‘Coolcations’ to redefine summer travel?

The ‘Coolcations’ campaign, initiated by the Union Ministry of Tourism, not just promotes India’s diverse range of summer getaways but also aims to change the perception about India being a hot-weather destination. Experts in inbound tourism offer insights into the campaign’s impact, including the challenge to market India to tourists amid ongoing heat waves.

Janice Alyosius

As temperatures soar across India, the Union Ministry of Tourism’s groundbreaking initiative, Coolcations, is set to redefine the country’s summer tourism landscape. Launched amid concerns over rising heat waves, the campaign aims to promote cooler destinations, such as hill resorts and coastal havens, among domestic and international travellers.

Commenting on the campaign’s initial impact, Rajiv Mehra, Director, Uday Tours and Travel, says, “I have not seen much impact so far. Due to lack of publicity abroad, there is a need for extensive digital or electronic marketing highlighting places where people can visit during this period in India.”

Expressing his enthusiasm for the initiative, Ravi Gosain, Managing Director, Erco Travels, says, “It is a welcome move because it will motivate travellers to visit cooler places in India during hot summers.” Emphasising on India’s diverse landscape and variable climates, Gosain says, “India is a huge country with varied topography and different weather conditions. So, in my opinion, this kind of campaign will not only showcase India’s summer offerings but also change foreigners’ perception of India as a hot weather destination.”

Gosain anticipates positive outcomes from the campaign, foreseeing increased interest from inbound travellers for hill resorts and coastal areas offering attractive summer deals. “We need to consider the increasing number of domestic travellers heading to hill stations during summer, which can pose a challenge for inbound tourists seeking suitable accommodations. I suggest promoting lesser-known hill station retreats to inbound tourists to avoid domestic rush. There are beautiful hill resorts in Uttarakhand, Himachal Pradesh, and Central India that can be widely promoted,” he suggests.

Subhash Goyal, Chairman, STIC Travel & Air Charter Group, underscores the campaign’s strategic importance.

“India’s vast topography and varied weather conditions make this campaign crucial. It not only showcases India’s summer offerings but also challenges the perception of India as solely a hot-weather destination,” he says, adding that, “India has 74 per cent of the Himalayan mountains, and apart from Jammu & Kashmir, other destinations in Uttarakhand and the Northeast have not been properly marked or promoted. Even hill stations like Ooty and Kannur on the Western and Eastern Ghats have not been adequately promoted abroad. We need to promote ‘Coolcations’ or ‘Coolvacations’ more comprehensively throughout the year for effective results.”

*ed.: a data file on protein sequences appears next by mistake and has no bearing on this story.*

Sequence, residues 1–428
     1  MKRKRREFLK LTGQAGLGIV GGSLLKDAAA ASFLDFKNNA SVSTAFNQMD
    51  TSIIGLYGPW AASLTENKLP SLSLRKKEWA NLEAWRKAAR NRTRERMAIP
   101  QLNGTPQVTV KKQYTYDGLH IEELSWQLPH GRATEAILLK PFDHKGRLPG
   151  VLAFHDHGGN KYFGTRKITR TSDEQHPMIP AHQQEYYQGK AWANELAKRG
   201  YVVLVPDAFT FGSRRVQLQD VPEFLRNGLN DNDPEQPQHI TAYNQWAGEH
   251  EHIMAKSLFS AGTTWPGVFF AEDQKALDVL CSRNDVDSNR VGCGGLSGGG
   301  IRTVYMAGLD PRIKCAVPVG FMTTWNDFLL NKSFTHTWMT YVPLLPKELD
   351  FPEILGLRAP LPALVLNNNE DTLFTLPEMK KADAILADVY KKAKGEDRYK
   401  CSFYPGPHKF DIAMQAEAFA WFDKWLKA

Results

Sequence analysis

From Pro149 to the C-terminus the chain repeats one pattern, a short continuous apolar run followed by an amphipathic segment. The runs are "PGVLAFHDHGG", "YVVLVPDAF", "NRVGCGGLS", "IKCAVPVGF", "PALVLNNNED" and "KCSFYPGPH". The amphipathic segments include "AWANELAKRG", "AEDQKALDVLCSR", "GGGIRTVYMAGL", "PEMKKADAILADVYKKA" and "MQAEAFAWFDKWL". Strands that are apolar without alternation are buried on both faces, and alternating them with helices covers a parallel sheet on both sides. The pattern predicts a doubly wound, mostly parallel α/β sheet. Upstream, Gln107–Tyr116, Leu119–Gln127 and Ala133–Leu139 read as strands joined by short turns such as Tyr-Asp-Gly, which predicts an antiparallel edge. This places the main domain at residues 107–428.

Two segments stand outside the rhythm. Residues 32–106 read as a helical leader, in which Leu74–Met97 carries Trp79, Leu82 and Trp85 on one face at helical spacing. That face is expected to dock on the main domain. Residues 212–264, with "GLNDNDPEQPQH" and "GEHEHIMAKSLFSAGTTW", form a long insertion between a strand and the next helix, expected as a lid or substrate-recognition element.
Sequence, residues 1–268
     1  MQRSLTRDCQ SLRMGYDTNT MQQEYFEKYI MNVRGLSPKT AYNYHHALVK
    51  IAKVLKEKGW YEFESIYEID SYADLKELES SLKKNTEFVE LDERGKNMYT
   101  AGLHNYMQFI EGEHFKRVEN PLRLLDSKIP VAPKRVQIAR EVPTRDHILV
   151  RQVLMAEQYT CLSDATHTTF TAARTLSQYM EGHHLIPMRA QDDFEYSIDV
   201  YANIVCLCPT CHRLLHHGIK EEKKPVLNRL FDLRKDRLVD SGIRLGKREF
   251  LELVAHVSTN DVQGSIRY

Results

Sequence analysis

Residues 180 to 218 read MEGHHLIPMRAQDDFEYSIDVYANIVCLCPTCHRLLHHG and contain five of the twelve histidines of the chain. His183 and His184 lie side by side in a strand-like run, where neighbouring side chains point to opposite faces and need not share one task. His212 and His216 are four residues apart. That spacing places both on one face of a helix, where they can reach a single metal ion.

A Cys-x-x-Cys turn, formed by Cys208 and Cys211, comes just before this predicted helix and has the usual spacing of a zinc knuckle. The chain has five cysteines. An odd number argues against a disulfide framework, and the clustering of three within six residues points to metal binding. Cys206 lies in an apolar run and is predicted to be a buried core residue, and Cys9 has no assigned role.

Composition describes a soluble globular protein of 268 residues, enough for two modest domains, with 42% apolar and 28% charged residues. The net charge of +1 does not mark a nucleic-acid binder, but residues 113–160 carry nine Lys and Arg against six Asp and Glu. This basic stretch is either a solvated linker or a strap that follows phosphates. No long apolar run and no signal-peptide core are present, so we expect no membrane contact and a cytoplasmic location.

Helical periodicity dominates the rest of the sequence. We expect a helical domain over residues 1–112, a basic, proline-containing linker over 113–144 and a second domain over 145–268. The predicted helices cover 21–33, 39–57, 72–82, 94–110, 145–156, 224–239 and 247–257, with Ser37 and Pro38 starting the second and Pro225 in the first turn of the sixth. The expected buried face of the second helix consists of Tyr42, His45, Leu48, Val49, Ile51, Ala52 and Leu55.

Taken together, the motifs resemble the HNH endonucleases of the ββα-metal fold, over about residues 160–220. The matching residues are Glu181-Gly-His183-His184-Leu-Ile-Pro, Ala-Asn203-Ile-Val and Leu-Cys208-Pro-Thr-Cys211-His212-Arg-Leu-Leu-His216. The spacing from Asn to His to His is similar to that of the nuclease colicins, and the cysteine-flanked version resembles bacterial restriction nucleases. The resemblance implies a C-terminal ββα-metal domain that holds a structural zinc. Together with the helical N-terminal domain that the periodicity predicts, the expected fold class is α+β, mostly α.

According to EM Najeeb, Chairman, ATE Group of Companies and Managing Director, Airtravel Enterprises India, “The ministry has launched the campaign to counter the notion that India is too hot for summer travel and to promote destinations with cooler climates, such as hill resorts in the Himalayas.”

He emphasised on the campaign’s strategic role in attracting tourists despite the challenges posed by extreme heat waves across the country. “The campaign is marketed through various digital platforms and highlights India’s cooler destinations, including hill stations like Shimla, Manali, Darjeeling, and coastal areas, such as Goa and Kerala.”

He also pointed out the ministry’s proactive participation in international travel fairs and exhibitions to effectively promote these destinations globally.

Highlighting a significant shift in tourist behaviour, Najeeb said, “There has been a noticeable increase in demand for the cooler destinations. Tour operators and travel agencies have reported a surge in bookings for hill stations and coastal areas, as tourists seek to escape the intense heat of the plains. Overall, ‘Coolcations’ campaign seems to be effectively attracting tourists to India’s cooler regions.”

Manoj Matta, Director, Oriental Vacations and Journeys, adds a global context, saying, “Heatwaves are a global issue, and tourists are adapting by seeking cooler destinations. However, there is a need for comprehensive international marketing to effectively promote India’s ‘Coolcations’.”

He added, “Unfortunately, until now all marketing efforts of MOT were only focused on domestic tourists and our government has not finalised any roadmap yet to boost inbound tourism. With a budgetary allocation of merely Rs. 3 crore towards overseas marketing and promotions for FY 2024-2025, what kind of promotion can be expected in international markets?

“As far as domestic tourists are concerned, all our hills are flooded with tourists, though the global warming has also put a brake on this to an extent when you could see a temperature of 43°C in Dehradun.”

While challenges like timing and international outreach remain, the ‘Coolcations’ campaign represents a crucial step towards diversifying and sustaining India’s tourism industry. By promoting lesser-known hill stations and coastal retreats, the campaign not only supports local economies but also positions India as an attractive year-round destination. As India continues to adapt to climate change realities, initiatives like ‘Coolcations’ play a pivotal role in ensuring sustainable tourism growth while providing visitors with memorable and comfortable travel experiences.





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